If you’re not strength­en­ing your bones, isn’t it time for a new direc­tion?

Taste of Home - - Cook Smart - Blythe Dan­ner takes Pro­lia®

Pro­lia® is a pre­scrip­tion medicine used to treat os­teo­poro­sis in women af­ter menopause who: • are at high risk for frac­ture

• can­not use another os­teo­poro­sis medicine or other os­teo­poro­sis medicines did not work well

Im­por­tant Safety In­for­ma­tion

Do not take Pro­lia® if you: have low blood cal­cium; or are preg­nant or plan to be­come preg­nant, as Pro­lia® may harm your un­born baby; or are al­ler­gic to deno­sumab or any in­gre­di­ents in Pro­lia®.

What is the most im­por­tant in­for­ma­tion I should know about Pro­lia®?

If you re­ceive Pro­lia® , you should not re­ceive XGEVA®. Pro­lia® con­tains the same medicine as XGEVA® (deno­sumab).

Pro­lia® can cause se­ri­ous side ef­fects:

Se­ri­ous al­ler­gic re­ac­tions have hap­pened in peo­ple who take Pro­lia®. Call your doc­tor or go to your near­est emer­gency room right away if you have any symp­toms of a se­ri­ous al­ler­gic re­ac­tion, in­clud­ing low blood pres­sure (hy­poten­sion); trou­ble breath­ing; throat tight­ness; swelling of your face, lips, or tongue; rash; itch­ing; or hives.

Low blood cal­cium (hypocal­cemia). Pro­lia® may lower the cal­cium lev­els in your blood. If you have low blood cal­cium, it may get worse dur­ing treat­ment. Your low blood cal­cium must be treated be­fore you re­ceive Pro­lia®.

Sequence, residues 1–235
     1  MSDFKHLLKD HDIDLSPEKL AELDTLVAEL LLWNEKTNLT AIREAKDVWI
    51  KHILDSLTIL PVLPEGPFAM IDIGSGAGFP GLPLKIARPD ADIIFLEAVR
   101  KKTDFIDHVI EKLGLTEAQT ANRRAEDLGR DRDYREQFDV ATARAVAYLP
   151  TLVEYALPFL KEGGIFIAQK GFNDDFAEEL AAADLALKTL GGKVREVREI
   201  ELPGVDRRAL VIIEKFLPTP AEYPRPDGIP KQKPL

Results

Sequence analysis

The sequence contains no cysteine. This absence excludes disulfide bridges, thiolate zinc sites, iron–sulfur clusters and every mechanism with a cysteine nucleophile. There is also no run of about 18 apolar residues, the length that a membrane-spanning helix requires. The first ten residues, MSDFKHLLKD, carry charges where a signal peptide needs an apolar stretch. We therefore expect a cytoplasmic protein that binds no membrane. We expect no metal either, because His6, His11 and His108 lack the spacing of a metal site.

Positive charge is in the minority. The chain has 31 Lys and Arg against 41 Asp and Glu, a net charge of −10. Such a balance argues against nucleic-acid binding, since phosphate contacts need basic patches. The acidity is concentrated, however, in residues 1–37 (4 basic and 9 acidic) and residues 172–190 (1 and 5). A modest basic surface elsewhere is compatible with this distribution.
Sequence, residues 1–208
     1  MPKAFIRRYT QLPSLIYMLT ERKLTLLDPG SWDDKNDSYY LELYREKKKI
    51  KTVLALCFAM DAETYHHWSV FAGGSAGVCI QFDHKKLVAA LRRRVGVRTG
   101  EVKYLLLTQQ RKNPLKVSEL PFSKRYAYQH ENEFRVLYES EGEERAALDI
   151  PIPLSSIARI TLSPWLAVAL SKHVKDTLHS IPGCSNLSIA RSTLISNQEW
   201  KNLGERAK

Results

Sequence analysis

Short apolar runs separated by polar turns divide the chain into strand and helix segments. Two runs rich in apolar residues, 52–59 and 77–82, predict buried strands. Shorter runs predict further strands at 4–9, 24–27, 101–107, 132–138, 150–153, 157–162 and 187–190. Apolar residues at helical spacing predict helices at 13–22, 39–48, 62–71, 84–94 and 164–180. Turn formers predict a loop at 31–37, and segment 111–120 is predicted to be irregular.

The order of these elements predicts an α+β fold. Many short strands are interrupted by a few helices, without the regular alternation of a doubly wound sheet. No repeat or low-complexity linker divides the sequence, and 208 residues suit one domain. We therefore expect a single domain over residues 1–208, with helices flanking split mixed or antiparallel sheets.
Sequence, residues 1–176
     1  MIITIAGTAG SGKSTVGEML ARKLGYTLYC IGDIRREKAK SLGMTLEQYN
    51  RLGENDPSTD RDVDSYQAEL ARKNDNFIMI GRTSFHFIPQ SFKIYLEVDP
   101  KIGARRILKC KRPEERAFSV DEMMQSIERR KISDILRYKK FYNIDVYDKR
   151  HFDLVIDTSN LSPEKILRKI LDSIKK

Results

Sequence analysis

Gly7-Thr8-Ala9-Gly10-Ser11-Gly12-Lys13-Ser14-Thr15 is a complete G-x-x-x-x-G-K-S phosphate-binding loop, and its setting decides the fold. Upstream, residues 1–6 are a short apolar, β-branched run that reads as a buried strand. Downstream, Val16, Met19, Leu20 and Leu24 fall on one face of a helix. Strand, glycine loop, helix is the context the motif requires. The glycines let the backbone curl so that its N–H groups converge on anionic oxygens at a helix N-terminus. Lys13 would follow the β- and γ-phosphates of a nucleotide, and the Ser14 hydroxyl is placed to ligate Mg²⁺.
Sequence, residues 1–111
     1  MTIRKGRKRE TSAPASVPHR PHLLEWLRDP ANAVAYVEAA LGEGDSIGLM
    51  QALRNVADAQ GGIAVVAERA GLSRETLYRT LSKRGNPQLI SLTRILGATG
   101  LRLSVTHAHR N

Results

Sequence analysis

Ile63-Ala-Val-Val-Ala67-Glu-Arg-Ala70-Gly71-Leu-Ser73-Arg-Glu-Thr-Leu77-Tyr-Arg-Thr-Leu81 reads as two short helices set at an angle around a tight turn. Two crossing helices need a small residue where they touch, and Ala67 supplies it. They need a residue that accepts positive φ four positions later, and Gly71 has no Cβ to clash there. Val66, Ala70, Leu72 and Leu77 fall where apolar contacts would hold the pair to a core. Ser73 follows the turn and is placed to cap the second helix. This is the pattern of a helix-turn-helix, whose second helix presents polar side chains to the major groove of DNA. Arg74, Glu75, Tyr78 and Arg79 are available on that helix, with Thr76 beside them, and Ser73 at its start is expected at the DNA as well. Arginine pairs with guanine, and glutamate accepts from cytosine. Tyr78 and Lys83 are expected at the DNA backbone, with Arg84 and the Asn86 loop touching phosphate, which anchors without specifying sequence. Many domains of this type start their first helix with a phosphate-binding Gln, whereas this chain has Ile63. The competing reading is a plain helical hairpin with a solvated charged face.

Take cal­cium and vi­ta­min D as your doc­tor tells you to help pre­vent low blood cal­cium. Se­vere jaw bone prob­lems (os­teonecro­sis) may oc­cur. Your doc­tor should ex­am­ine your mouth be­fore you start Pro­lia® and may tell you to see your den­tist. It is im­por­tant for you to prac­tice good mouth care dur­ing treat­ment with Pro­lia®.

Un­usual thigh bone frac­tures. Some peo­ple have de­vel­oped un­usual frac­tures in their thigh bone. Symp­toms of a frac­ture in­clude new or un­usual pain in your hip, groin, or thigh.

In­creased risk of bro­ken bones, in­clud­ing bro­ken bones in the spine, af­ter stop­ping Pro­lia®. Af­ter your treat­ment with Pro­lia® is stopped, your risk for break­ing bones, in­clud­ing bones in your spine, is in­creased. Your risk for hav­ing more than 1 bro­ken bone in your spine is in­creased if you have al­ready had a bro­ken bone in your spine. Do not stop tak­ing Pro­lia® with­out first talk­ing with your doc­tor. If your Pro­lia® treat­ment is stopped, talk to your doc­tor about other medicine that you can take.

Se­ri­ous in­fec­tions in your skin, lower stom­ach area (ab­domen), blad­der, or ear may hap­pen. In­flam­ma­tion of the in­ner lin­ing of the heart (en­do­cardi­tis) due to an in­fec­tion may also hap­pen more of­ten in peo­ple who take Pro­lia®. You may need to go to the hos­pi­tal for treat­ment.

Pro­lia® is a medicine that may af­fect the abil­ity of your body to fight in­fec­tions. Peo­ple who have weak­ened im­mune sys­tems or take medicines that af­fect the im­mune sys­tem may have an in­creased risk for de­vel­op­ing se­ri­ous in­fec­tions.

Newspapers in English

Newspapers from USA

© PressReader. All rights reserved.